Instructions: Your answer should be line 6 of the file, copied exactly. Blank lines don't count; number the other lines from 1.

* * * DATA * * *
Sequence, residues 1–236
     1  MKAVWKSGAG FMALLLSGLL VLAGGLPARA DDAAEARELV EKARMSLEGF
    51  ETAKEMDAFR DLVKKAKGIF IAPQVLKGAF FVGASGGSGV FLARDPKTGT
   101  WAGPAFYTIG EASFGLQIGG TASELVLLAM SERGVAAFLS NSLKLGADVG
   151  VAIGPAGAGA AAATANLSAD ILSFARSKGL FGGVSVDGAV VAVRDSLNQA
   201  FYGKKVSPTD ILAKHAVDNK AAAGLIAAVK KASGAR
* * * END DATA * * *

   201  FYGKKVSPTD ILAKHAVDNK AAAGLIAAVK KASGAR